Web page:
We also enjoyed some simple but refreshing Basque white wine in a couple of the great pinchos bars; nothing to write home about with too much conviction but perfect for this most superb method of informal dining.
The second memorable white was the exceptional Jean Leon Chardonnay 2009. Only 12,000 bottles produced in the vintage and ours was bottle number 9,554. The wine had beautifully integrated oak, which surprised me when i found it had spent 9 months in new French oak. The nose was a pleasant apple and pear combo, with the fruit coming through in the taste, swathed in a rich vanilla cream. Once we took the wine out of the ice bucket we were able to enjoy it at its full and charming best (91 points). What I haven’t mentioned is Can Majo, the superb restaurant where we enjoyed this wine in Barcelonta, overlooking the sea. The Majo paella was maybe the best seafood dish I have ever eaten and I implore you to go if you ever find yourself in the vicinity.
So what about the reds? Well this is the only “bad” I can write about. And the main reason is the lack of local red available by the glass. Rioja – tick, Ribera – tick. But very little of the local stuff. The couple of places we did find with Penedes, or if we were very lucky, Priorat, on the list by the glass were fantastic! The Garnacha is spicy, yet silky, concentrated and inky. It was just such a shame that there was so little around!
On our last evening we went to the superb wine bar in Placa Santa Maria, called La Vinya del Senyor. OK, we went the day before and enjoyed a lovely glass of Cava and Ribera, but the list was excellent so we decided to head back for a bottle of Priorat. And boy was it worth it. We asked the waiter for some inspiration and he pointed us in the direction of the Somni 2009. Wow! Spicy, smokey, brambly, black currant and blackberry nose. Lovely cassis flavour, reminiscent of a great black currant sorbet. Warm, concentrated, complex and long, like a black fruit duvet! This was perfect for a chilly evening in Barca (by their standards), and one I will be tracking down for Xmas (94 points).
So that just leaves the bubbles. To be quite frank, I’ve never met a Cava I’ve really got along with… Until this weekend. I’ve always found Cava lacking the acidic backbone I so enjoy in champagne and English fizz. But this weekend I found the Cava zing and it was certainly worth waiting for. We enjoyed a lovely Titianna Brut Nutural (extra dry) at the aforementioned La Vinya del Senyor, but the real magic came when we visited Freixenet, one of the biggest Cava producers in Catalunya. I’m going to write a separate piece about the tour and tasting at Freixenet as it is definitely something I would recommend to anyone visiting the Barcelona area, and anyone who feels they don’t quite “get” Cava.
Overall, Barcelona is a wonderful city and brilliant place for a city break. The food is simply outstanding, the culture is magnificent and the people are welcoming. As a matter of fact, I can’t wait I go back!
I have fallen in love with pinchos – the most social way of eating I have ever come across. As for the wine, well the brooding, fruity reds of Priorat certainly get the gold medal but the whites made from the more internationally recognised grapes are also excellent and I look forward to finding some for my collection.
There isn’t any really. The biggest bugbear was the lack of local wine by the glass and the omnipresence of Rioja and Ribero. In fairness that really isn’t too much of a chore but I think the locals should be proud of their wine and encourage more of us tourists to give it a go.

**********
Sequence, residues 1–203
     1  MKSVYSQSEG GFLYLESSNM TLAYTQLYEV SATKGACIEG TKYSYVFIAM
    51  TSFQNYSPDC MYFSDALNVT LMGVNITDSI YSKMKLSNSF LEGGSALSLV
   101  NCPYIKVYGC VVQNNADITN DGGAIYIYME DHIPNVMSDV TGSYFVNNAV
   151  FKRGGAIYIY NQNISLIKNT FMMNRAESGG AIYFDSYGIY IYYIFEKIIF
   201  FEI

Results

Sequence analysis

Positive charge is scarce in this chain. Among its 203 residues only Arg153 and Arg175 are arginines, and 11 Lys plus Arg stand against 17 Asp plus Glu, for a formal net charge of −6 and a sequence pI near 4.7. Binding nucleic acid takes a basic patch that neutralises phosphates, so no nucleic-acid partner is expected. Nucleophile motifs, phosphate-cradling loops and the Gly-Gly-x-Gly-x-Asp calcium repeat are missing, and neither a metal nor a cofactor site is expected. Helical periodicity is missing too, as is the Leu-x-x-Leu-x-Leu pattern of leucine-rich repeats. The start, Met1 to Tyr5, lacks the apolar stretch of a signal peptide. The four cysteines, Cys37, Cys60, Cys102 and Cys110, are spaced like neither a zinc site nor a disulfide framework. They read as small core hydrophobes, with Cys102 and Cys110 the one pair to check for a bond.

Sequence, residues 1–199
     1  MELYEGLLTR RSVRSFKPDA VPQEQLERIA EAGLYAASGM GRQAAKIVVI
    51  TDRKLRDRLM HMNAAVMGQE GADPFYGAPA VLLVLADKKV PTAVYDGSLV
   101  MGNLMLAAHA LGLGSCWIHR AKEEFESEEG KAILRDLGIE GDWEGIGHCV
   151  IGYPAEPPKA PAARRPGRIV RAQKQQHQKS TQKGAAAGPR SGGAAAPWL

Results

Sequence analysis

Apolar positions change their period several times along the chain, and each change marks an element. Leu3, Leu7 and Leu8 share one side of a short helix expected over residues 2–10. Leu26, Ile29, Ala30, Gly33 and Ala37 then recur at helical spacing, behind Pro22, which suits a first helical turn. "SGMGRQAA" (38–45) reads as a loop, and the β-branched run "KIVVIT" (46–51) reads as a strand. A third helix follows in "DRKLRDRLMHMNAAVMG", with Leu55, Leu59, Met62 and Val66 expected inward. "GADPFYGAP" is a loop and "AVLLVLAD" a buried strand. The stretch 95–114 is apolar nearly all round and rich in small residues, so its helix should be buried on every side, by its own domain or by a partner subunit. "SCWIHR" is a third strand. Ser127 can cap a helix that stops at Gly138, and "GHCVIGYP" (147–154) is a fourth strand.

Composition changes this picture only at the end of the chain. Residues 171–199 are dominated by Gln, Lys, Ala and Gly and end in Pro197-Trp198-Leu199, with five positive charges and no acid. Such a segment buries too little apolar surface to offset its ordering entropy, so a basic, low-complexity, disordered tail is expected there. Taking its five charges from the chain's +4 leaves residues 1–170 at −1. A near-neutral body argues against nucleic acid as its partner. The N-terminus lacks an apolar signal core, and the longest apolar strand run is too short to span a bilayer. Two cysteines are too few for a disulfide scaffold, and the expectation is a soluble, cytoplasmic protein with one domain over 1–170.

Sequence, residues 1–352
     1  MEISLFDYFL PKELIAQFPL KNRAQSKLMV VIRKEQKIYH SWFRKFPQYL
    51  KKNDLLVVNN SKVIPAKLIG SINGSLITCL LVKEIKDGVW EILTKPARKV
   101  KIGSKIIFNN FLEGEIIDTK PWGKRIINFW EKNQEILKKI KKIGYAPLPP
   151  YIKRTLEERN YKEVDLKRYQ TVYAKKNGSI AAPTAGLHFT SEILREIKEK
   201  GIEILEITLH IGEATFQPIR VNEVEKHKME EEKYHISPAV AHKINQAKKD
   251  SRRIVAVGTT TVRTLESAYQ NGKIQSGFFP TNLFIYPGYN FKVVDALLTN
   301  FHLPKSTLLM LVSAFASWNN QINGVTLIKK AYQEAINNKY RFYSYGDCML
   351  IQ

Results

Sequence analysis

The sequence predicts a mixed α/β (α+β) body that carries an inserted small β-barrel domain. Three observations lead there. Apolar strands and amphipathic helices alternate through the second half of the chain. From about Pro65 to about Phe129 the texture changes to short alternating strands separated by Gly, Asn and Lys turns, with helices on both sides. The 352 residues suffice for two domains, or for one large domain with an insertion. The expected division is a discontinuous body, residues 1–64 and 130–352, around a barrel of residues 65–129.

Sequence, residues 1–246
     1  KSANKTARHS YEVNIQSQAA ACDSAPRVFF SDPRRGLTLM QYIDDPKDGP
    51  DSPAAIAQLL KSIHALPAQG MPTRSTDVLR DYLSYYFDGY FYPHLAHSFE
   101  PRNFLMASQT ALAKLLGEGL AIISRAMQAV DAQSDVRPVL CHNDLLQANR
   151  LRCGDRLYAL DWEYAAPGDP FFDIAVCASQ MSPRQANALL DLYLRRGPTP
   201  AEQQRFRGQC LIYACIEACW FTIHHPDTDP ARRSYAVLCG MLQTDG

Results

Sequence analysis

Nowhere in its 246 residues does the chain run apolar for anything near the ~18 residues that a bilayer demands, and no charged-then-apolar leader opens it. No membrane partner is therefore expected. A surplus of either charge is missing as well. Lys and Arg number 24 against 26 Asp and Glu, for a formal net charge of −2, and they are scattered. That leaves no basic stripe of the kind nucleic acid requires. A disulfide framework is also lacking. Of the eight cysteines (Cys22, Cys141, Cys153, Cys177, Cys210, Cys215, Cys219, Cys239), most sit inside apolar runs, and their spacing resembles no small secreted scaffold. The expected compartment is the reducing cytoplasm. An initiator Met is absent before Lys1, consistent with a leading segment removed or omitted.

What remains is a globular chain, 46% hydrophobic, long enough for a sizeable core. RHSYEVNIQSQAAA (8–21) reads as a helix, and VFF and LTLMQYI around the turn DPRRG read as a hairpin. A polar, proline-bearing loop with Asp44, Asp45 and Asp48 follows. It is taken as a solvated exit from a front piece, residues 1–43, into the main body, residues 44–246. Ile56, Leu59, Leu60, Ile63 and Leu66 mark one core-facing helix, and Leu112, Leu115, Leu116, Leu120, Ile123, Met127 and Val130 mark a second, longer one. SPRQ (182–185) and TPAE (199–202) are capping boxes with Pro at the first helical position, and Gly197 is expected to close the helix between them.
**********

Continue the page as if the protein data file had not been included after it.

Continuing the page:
Well I’m a Cava convert. The cheap stuff we buy in supermarket in the UK really doesn’t do this drink any justice. There is so much choice and there are some really complex wines out there – you just have to search them out and have a bit of patience. I will write up my notes from the Freixenet tasting in the next day or so to try and give a bit more depth to the subject.
Someone just posted a tweet about Keith Floyd… And it got me thinking…
Do you remember the first time you saw Keith Floyd on TV? I remember seeing him when I was at school and just thought, what a mad bastard! A the time I had no interest in food whatsoever, probably too busy working out whether Biactol or Clearasil was he best cure for acne.
It wasn’t until I got to university and started watching Ready, Steady, Cook every day that I got into food. Now I know how ridiculous that sounds, but I was red tomatoes and my flatmate Rob was green peppers. Best of 5 every week, loser bought the first pint… It got very competitive. Anyway I started watching any food programme as I got the bug and saw a programme called Floyd on France. The mad fool was cooking a piperade, being watched by a disgusted looking French lady… And I was hooked.
I’ve seen most of his shows now, although most, sadly, still aren’t available of DVD. When I got into wine I started watching Floyd Uncorked on UK Travel and I fell in love with the man again. What a great introduction to a great subject and what a guy to front it. He and Jonathan Pedley MW in a different wine region of France every week, discussing, arguing, drinking, but more importantly, making wine accessible to us naive mortals.
Floyd Uncorked became a great go-to Xmas present. Buy the book, the DVD and a few bottles to drink along with Floyd! Savigny Le Baune and Chablis in episode 1, Vouvray and Pouilly Fume episode 2. Give it a try… Your friends and family will love you forever and also start to share your interest in wine.
On our recent trip to France we spent the morning in Avignon before heading out to Chateuneuf. I wasn’t that taken by the place but was like a giddy child when we found the Hotel D’Europe… The bar where Keith spent so many of his days entertaining the locals and tourists alike.
Anyway, I want to remember the real Floyd, not the one we saw in that tragic Channel 4 documentary which aired the day after he died. So I recently re-read his autobiography, Shaken not Stirred, as well as the wonderful book by his long time suffering director David Pritchard, Shooting the Cook. Please do the same and remember what a true entertainer the great man was.
Drink along with Floyd… The greatest Xmas present of all time!
Full episode guide: